Cult Blood Red Moon

This is probably common knowledge, but did you know that a series of four consecutive lunar eclipses with six full moons in between and no intervening partial lunar eclipses is called a tetrad? Were you aware that there will be eight tetrads this century alone, but there were none at all in the 17th, 18th or 19th centuries? And which of you can tell me how many times in the past twenty-one centuries these tetrads fell on the Jewish feasts of Passover and Tabernacles? Eight, you say? That’s right!

Very suspicious if you ask me, especially given the blood red hue our moon reflects during these eclipses.

Digging deeper, the Book of Joel is perhaps useful here, where chapter 2 verse 31 elaborates:

“The sun will turn into darkness, and the moon into blood, before the great and terrible day of the Lord comes.”[1]

If you’ve connected the dots as some Christian ministers have, you might right now be very worried that something terrible will happen on the next blood moon. Indeed, the 2014-2015 tetrad was one of the eight described above (those which also coincide with religious holidays), and anticipation brought with it gloomy prognostications and apocalyptic prophesies. Luckily, and unless we are living in an alternate timeline, there was no doomsday in 2015. Which is good, because now we can enjoy this very interesting looking pipe tobacco together.

Cult Blood Red Moon; just look at that tin art. The only thing this tin of tobacco is prophesying to me right now is that I’d better open it and pack a bowl before I scare away any more of my readers. So let’s sit down, have a smoke, and try not to let our expectations get in the way of reality.

Dark and mysterious, and always with that sharp cherry aroma.


Cult Blood Red Moon is a fire-cured Cavendish, Bright Virginia, and Burley blend with:

“the delicious aromas of natural Royal Ann cherry and dark chocolate”

The tin goes on to tout its flavors:

“A bit sweet, extremely rich, and unquestionably smooth.”

Sounds good to me, though the description leaves some ambiguity as to just how much cherry flavor will be within. We know things will be rich, smooth, and a bit sweet, but those descriptions apply to Cavendish and Virginia tobaccos as well.

Anyway, I bought this 50g tin from for $9.25. However, the blend is currently out of stock at both SmokingPipes and I am unable to confirm if it is still in production.

Inky and midnight-black. The bright Virginias don’t stand a chance against the darkness of fire-cured Cavendish.


After a month in a jar, Cult Blood Red Moon smells just as strong as it did right from the tin. The cherry aroma is sharp and really dominates the initial experience. There is also a sort of artificial quality to the cherry, which may serve as a bad omen to some. Nevertheless, cocoa and a dark chocolate become apparent once senses adapt to the pointy cherry-tart overtone. Deep inhales provide light vanilla tones that are deliciously enticing. The tobaccos are all but eclipsed under the shadow of heavy flavorings, with a penumbra of generic fig-raisin sweetness emerging from the container.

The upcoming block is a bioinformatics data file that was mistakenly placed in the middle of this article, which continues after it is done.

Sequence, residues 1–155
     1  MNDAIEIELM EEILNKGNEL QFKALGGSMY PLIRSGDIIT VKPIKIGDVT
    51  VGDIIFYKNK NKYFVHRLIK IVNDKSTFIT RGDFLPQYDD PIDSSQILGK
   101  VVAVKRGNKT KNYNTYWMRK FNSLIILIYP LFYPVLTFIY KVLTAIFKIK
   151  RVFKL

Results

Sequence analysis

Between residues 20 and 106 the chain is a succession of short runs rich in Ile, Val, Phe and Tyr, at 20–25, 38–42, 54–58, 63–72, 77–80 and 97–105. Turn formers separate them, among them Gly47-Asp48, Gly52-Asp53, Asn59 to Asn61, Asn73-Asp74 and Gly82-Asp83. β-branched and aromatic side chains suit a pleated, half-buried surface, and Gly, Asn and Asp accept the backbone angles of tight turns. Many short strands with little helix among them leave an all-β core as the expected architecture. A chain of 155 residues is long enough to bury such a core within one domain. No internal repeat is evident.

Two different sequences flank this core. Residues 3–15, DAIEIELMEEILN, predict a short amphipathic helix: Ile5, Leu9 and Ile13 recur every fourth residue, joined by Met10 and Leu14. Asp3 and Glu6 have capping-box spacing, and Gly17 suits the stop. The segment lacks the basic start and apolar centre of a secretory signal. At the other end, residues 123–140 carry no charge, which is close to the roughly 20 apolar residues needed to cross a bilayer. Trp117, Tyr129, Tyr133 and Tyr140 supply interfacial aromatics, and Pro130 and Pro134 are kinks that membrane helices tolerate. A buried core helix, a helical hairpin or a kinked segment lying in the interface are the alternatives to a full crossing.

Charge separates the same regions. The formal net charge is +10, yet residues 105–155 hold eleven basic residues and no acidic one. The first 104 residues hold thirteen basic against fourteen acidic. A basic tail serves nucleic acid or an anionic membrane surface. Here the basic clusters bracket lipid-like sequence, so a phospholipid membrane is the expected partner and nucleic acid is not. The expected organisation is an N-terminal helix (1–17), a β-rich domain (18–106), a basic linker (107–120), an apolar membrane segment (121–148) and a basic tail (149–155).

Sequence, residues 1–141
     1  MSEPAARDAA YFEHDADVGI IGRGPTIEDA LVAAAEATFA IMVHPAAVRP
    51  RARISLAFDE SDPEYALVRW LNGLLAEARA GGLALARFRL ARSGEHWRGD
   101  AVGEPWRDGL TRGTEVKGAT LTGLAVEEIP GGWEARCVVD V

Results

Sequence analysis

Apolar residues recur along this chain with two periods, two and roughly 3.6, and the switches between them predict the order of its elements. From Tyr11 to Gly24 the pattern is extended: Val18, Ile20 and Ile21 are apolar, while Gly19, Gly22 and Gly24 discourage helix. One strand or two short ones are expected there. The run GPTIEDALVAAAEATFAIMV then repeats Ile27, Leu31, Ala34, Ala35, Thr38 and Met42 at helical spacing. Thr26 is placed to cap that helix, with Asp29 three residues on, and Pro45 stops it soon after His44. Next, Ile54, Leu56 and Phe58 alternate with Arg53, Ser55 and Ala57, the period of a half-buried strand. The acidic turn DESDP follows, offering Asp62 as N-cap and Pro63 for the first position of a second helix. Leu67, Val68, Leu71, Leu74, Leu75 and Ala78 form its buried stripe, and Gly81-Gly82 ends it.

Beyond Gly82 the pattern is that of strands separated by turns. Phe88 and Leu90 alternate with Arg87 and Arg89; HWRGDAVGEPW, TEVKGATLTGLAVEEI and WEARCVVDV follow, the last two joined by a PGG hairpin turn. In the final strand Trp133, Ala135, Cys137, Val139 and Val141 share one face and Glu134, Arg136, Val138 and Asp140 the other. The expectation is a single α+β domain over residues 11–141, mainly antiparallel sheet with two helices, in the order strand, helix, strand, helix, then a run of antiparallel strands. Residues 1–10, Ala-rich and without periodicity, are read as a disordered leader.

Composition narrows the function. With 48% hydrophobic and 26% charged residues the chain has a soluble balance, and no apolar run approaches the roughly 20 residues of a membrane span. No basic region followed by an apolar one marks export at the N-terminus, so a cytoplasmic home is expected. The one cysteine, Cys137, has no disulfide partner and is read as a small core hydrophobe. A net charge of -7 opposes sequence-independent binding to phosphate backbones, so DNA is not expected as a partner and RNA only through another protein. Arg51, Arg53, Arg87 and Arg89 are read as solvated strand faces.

This is very dark and provocative stuff we’re dealing with here.

Moisture levels are now 90% ready for the bowl, owing much to the month spent jarred outside of its balmy tin. I’m particularly taken with the coarse cut and very dark black Cavendish on display here. Just gorgeous. The mixture feels loose and is not overly sticky, creating a pleasurable handling experience.

My very reddish Savinelli Orient seemed more than appropriate for a cherry-flavored tobacco. The deep, wide bowl is also perfect for capturing aromatic essences.


The first light surprises by bringing more cream and cocoa than cherry. That mild Cavendish sweetness, hinted at by the jar note, arrives early and is very easy on the tongue. Soon after, chocolate covered cherries come out and they are admittedly delicious and round. Where I once held my fears of a sharp, sickly, artificial cherry flavor, there is now only a desire to smoke on.

Hazelnut and a milder sweetness develop near mid bowl, perhaps originating from both the Burley/Virginia content, as well as the added flavorings. This is not entirely unlike Mac Baren’s ubiquitous Original Choice, with its mild, umami-laden, classic aromatic essence and mild tobacco flavors. Just at the halfway point, one can discover vanilla and wafers, both washed down with a cherry cola fizz retrohale.

I’m thinking this new Missouri Meerschaum “The Marcus” corncob pipe will be a great companion to Cult Blood Red Moon. I’ll be sure to update after I find out for sure.

The second half sees the sweetness darken to caramel. Cherries become more sour at this point, losing their chocolate coverings, but at no point do they present themselves as artificial or too heavily candied. Earthy toffee and coffee balance things and pair wonderfully with Florence tea. The Burley at this end of the pot gets hotter and more dry, but never becomes sooty.

This entire bowl has burned beautifully, evenly, and without any hint of bite. No relights needed, minimal ash management, truly a fantastic smoke. Without a doubt, Cult Blood Red Moon is an easy-to-smoke and delicious blend whose strong aroma and rich appearance offer a (thankfully) false premonition of goopiness.

So when is the next tetrad, you might ask? You’ll have to wait until the 2032-2033 season for that. We’re at least safe until then. Just remember this and you’ll be fine:

“And I beheld when he had opened the sixth seal, and, lo, there was a great earthquake; and the sun became black as sackcloth of hair, and the moon became as blood.”[2]

Or you know, just relax, light up, and wait for whatever will be.

Need pipes, tobacco, and supplies? You might be surprised what Amazon has to offer:

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